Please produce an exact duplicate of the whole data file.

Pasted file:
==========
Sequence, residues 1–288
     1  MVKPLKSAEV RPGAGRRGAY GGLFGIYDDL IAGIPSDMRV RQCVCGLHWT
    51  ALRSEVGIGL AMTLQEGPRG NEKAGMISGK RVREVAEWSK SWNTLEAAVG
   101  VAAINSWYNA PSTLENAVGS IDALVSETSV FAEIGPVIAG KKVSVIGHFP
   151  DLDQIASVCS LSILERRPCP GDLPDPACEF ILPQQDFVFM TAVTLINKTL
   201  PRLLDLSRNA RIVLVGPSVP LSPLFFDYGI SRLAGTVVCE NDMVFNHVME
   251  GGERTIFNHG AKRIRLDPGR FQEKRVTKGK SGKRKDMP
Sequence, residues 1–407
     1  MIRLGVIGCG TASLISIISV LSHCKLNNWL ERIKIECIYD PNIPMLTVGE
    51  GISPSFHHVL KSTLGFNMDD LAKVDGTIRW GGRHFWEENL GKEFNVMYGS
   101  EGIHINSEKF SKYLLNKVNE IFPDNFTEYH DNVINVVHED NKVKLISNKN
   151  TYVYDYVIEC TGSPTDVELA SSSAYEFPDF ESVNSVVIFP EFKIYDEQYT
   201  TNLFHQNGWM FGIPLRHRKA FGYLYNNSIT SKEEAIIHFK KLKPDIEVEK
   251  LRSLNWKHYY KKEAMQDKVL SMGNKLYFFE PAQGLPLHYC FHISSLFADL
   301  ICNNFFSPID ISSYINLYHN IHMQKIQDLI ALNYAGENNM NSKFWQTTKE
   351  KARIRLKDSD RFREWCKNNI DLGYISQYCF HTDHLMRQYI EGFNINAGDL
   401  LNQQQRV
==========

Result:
Sequence, residues 1–288
     1  MVKPLKSAEV RPGAGRRGAY GGLFGIYDDL IAGIPSDMRV RQCVCGLHWT
    51  ALRSEVGIGL AMTLQEGPRG NEKAGMISGK RVREVAEWSK SWNTLEAAVG
   101  VAAINSWYNA PSTLENAVGS IDALVSETSV FAEIGPVIAG KKVSVIGHFP
   151  DLDQIASVCS LSILERRPCP GDLPDPACEF ILPQQDFVFM TAVTLINKTL
   201  PRLLDLSRNA RIVLVGPSVP LSPLFFDYGI SRLAGTVVCE NDMVFNHVME
   251  GGERTIFNHG AKRIRLDPGR FQEKRVTKGK SGKRKDMP
Sequence, residues 1–407
     1  MIRLGVIGCG TASLISIISV LSHCKLNNWL ERIKIECIYD PNIPMLTVGE
    51  GISPSFHHVL KSTLGFNMDD LAKVDGTIRW GGRHFWEENL GKEFNVMYGS
   101  EGIHINSEKF SKYLLNKVNE IFPDNFTEYH DNVINVVHED NKVKLISNKN
   151  TYVYDYVIEC TGSPTDVELA SSSAYEFPDF ESVNSVVIFP EFKIYDEQYT
   201  TNLFHQNGWM FGIPLRHRKA FGYLYNNSIT SKEEAIIHFK KLKPDIEVEK
   251  LRSLNWKHYY KKEAMQDKVL SMGNKLYFFE PAQGLPLHYC FHISSLFADL
   301  ICNNFFSPID ISSYINLYHN IHMQKIQDLI ALNYAGENNM NSKFWQTTKE
   351  KARIRLKDSD RFREWCKNNI DLGYISQYCF HTDHLMRQYI EGFNINAGDL
   401  LNQQQRV